Genocide is understood by most to be the gravest crime against humanity. It is generally defined as a mass extermination of a particular group of people. But behind that simple definition is a complicated tangle of legal concepts concerning what constitutes genocide and when the term can be applied.
On August 24, 1941, only two months after Germany’s surprise attack on Soviet Russia on June 22, British Prime Minister Winston Churchill delivered a live broadcast from London. After describing dramatically the barbarity of the German occupation in Russia, he concluded his speech saying, “We are in the presence of a crime without a name.”
A few years later, this ‘crime without a name’ finally got a name when as per the United Nations Office on Genocide Prevention, the word was coined, in 1943, by the Jewish-Polish lawyer Raphael Lemkin in his book Axis Rule in Occupied Europe (1944). He combined the Greek word “genos” (race or tribe) with the Latin word “cide” (to kill).
Lemkin’s efforts gave way to the adoption of the United Nations Genocide Convention in December 1948, which came into effect in January 1951.
The Convention on the Prevention and Punishment of the Crime of Genocide (Genocide Convention) is an instrument of international law that codified for the first time the crime of genocide. Under this Convention, the crime is trying to destroy a national, ethnic, racial or religious group, in part or in whole. That includes not only mass killings but also forced sterilization, abuse that inflicts serious harm or mental suffering, or wrenching children of a targeted group away to be raised by others.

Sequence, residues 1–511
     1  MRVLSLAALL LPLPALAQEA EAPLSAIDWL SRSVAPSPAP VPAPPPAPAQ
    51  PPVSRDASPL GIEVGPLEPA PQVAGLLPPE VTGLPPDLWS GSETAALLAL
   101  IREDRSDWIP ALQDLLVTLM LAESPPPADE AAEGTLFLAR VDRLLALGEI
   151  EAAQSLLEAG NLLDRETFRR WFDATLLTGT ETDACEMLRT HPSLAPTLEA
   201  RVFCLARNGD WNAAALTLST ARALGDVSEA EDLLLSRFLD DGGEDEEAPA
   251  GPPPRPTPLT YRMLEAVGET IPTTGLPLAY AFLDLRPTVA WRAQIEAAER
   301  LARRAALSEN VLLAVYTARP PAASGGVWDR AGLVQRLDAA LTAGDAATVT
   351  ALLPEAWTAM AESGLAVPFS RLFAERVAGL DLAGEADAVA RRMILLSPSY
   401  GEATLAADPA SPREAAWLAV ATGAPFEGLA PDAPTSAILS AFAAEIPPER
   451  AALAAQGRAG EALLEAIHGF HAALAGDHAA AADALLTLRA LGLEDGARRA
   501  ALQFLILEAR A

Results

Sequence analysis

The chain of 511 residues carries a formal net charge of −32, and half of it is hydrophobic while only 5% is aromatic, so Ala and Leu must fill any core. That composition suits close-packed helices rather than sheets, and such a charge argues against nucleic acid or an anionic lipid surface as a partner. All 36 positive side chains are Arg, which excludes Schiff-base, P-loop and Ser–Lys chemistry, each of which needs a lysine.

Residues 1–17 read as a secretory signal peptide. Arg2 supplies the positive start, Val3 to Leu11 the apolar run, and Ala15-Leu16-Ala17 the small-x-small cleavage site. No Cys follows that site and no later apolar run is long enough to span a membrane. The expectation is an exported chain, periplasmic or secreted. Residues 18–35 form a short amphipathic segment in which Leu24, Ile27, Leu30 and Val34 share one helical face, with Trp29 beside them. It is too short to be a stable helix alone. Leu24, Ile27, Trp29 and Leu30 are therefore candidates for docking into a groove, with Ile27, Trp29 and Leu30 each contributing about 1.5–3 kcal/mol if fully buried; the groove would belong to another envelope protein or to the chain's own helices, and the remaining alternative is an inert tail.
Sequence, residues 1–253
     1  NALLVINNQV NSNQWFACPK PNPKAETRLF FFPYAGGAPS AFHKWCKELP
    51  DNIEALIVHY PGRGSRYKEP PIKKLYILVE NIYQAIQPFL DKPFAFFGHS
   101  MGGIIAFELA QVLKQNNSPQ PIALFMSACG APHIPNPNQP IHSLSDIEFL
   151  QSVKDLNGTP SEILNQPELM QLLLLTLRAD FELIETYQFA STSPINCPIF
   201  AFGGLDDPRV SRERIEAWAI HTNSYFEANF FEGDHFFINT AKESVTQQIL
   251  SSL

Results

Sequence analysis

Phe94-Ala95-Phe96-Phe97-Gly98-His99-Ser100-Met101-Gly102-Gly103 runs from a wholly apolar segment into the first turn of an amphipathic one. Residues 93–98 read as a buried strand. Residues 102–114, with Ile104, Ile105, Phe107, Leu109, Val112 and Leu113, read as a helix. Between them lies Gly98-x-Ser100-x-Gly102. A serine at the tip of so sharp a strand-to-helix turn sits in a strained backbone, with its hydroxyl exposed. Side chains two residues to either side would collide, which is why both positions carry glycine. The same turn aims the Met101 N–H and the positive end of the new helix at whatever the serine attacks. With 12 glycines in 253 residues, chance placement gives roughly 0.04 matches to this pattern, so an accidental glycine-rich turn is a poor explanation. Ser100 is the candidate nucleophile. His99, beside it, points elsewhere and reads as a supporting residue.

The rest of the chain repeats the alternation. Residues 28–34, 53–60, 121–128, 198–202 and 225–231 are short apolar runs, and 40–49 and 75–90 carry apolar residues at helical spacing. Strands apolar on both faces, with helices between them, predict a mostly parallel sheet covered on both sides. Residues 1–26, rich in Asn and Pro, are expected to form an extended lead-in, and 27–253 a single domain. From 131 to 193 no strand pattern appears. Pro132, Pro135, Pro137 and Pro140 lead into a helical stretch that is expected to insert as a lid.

Article II of the Genocide Convention
Article II of the Convention on the Prevention and Punishment of the Crime of Genocide defines genocide as:
In the present Convention, genocide means any of the following acts committed with intent to destroy, in whole or in part, a national, ethnical, racial or religious group, as such:
Killing members of the group;
Causing serious bodily or mental harm to members of the group;
Deliberately inflicting on the group conditions of life calculated to bring about its physical destruction in whole or in part;
Imposing measures intended to prevent births within the group;
Forcibly transferring children of the group to another group.
Genocide as an international crime